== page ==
D-Day 50th Anniversary | British Newspaper Archive


Hot Off The Press – New Titles This Week

This week at The Archive we are marking the 80th anniversary of D-Day, the largest seaborne invasion in history, which took place in Normandy on 6 June 1944. Meanwhile, we’re celebrating adding 276,831 brand new pages to our collection, with one brand new title, the Hunts County News, joining us over the past seven days.

Furthermore, from Carluke to Crawley, from Kirkintilloch to Knaresborough, from Lincolnshire to Lurgan, we’ve added new pages to our existing titles from across the United Kingdom. So read on to discover more about these new pages, our brand new title of the week, and also to learn about the 1994 commemorations of D-Day, which marked 50 years since the Normandy landings.

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Before we take a look at how the 50th anniversary of D-Day was reported on in our new pages this week, we’d like to highlight our brand new title, which is the Hunts County News. This Liberal newspaper was first published on 20 March 1886 at the price of just one penny, and it ran with the tagline of ‘Instruct the people that they go forward.’

Established in the market town of Huntingdon, the county town of the historic county of Huntingdonshire, the weekly newspaper was unusually long for the time, reaching upwards of sixteen pages, when the average newspaper page count of the time was between four and eight pages. Such length saw the Hunts County News devote extensive columns to local politics, with detailed reporting on the Huntingdon and Godmanchester Liberal Association, as per the title’s Liberal political affiliation.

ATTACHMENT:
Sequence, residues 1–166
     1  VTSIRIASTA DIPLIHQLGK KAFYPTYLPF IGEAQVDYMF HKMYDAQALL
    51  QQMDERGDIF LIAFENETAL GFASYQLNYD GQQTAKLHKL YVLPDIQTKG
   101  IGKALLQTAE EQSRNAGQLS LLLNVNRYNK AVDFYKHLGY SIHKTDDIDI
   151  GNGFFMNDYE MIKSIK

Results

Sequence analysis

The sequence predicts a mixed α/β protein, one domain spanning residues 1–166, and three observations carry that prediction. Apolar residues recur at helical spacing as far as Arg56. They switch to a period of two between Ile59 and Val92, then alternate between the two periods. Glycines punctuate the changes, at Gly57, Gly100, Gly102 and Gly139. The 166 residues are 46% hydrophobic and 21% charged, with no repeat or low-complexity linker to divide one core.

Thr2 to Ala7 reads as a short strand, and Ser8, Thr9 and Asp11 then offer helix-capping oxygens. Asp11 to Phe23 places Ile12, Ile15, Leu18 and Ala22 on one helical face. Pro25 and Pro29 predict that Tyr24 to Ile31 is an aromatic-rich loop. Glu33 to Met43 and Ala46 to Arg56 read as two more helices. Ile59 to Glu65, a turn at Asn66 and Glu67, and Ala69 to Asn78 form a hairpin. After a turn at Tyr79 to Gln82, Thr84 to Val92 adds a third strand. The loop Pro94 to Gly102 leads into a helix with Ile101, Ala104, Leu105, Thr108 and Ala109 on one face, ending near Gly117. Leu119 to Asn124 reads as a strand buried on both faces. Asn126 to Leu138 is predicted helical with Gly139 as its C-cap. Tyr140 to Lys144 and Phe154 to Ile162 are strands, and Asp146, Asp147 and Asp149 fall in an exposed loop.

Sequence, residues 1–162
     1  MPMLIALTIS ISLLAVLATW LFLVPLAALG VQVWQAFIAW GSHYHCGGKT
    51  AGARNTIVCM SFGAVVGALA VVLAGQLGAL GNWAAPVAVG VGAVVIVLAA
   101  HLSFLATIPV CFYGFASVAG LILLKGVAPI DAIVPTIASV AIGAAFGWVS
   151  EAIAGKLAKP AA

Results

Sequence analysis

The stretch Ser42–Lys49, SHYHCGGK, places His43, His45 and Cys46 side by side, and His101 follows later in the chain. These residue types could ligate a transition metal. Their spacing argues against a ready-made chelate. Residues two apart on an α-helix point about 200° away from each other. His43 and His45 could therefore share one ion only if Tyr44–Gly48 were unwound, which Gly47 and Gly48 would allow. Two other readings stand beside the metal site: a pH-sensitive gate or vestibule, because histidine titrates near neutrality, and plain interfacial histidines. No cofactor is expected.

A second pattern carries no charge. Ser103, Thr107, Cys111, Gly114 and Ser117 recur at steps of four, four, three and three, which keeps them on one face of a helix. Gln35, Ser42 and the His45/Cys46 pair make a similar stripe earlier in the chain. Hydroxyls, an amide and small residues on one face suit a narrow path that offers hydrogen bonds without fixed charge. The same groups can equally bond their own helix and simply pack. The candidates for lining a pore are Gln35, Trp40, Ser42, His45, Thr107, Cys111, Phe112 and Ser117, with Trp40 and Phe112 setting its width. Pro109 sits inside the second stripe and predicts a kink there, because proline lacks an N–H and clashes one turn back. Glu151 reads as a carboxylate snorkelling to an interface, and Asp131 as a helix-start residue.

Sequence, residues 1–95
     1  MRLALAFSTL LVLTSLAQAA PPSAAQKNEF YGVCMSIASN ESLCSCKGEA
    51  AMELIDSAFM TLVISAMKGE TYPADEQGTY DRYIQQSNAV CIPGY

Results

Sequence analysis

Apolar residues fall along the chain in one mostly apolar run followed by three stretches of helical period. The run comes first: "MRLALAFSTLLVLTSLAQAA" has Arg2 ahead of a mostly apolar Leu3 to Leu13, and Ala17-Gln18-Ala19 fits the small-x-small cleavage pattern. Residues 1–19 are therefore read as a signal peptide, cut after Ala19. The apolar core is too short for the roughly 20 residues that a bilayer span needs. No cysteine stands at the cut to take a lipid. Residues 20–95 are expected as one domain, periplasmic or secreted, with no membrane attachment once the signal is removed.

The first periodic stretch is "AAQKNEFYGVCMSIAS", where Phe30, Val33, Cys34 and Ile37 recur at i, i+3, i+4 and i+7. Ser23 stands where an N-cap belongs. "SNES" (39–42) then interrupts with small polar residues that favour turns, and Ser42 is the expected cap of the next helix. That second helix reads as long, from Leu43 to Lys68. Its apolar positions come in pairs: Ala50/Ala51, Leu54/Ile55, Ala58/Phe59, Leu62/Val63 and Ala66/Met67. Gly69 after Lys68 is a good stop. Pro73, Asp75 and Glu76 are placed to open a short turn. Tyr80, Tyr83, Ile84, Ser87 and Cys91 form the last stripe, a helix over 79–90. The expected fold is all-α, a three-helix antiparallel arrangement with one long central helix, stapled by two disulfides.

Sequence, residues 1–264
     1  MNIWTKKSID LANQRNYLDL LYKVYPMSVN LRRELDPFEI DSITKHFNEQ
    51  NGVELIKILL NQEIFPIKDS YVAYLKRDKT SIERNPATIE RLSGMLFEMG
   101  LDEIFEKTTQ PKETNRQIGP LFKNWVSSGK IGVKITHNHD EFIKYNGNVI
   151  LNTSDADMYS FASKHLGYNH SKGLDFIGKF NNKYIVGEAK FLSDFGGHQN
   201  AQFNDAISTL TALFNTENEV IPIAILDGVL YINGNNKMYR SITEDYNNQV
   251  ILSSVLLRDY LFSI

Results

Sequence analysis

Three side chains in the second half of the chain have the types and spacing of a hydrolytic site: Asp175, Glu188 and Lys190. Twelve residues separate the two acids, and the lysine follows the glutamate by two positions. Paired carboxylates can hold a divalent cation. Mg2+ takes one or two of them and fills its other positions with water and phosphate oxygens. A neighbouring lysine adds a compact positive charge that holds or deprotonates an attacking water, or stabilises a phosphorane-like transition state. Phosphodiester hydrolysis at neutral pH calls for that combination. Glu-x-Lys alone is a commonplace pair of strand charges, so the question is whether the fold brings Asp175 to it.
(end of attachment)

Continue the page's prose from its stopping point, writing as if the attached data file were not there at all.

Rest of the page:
The Hunts County News, which circulated ‘throughout the county’ of Huntingdonshire, also had a firm handle on local news. Publishing local news under newspaper style headings, such as the ‘Huntingdon Journal’ and the ‘St Ives Times,’ the publication also summarised local happenings from the towns and villages of Bluntisham, Bythorn, Chesterton, Croxton, Earith, Gamlingay, Grafham, Houghton, Kimbolton, Peterborough, Ramsey, Sawtry, Somersham, Stilton, Willingham, Warboys, Waresley, and Yaxley.

Meanwhile, the Hunts County News paid attention to ‘Local Police Intelligence,’ publishing coverage from the petty sessions in Huntingdon, Ramsey, St Ives, St Neots, Norman Cross, and Sharnbrook. An earnestly Victorian newspaper, the publication verged on the serious as it eschewed such frivolities as a ladies’ column or a children’s column, instead choosing to concentrate on politics, its only special interest column being given over to ‘The Farm.’

That’s it from our solo new title of the week, but with 22 of our existing titles updated this week there’s still so much for you to explore. Indeed, its from these new pages that we will be taking a look at the 50th anniversary of D-Day in June 1994. Leading the charge are the over 30,000 brand new pages we have added to the Skegness Standard, whilst fellow Lincolnshire title the Lincolnshire Standard and Boston Guardian sees over 20,000 brand new pages join its ranks.

Other large updates this week are to Sussex’s Crawley and District Observer, with over 25,000 brand new pages joining this title, whilst over 22,000 brand new pages join Derbyshire’s Ripley and Heanor News and Ilkeston Division Free Press. Meanwhile, we’ve updated a trio of our Northern Irish titles (the Ballymena Weekly Telegraph, the Lurgan Mail and the Portadown Times), and a duo of Scottish titles (the Carluke and Lanark Gazette and the Kirkintilloch Herald).

A ‘Salute to ‘D-Day’ – Marking the 50th Anniversary of the Normandy Landings

Whilst our Archive contains extensive contemporary reports on D-Day, the Allied invasion of occupied France on 6 June 1944, we thought we’d look at how the 50th anniversary of the Normandy landings was reported on in our newspapers, as we mark another significant anniversary this week of the huge operation, which saw over 4,000 Allied servicemen lose their lives.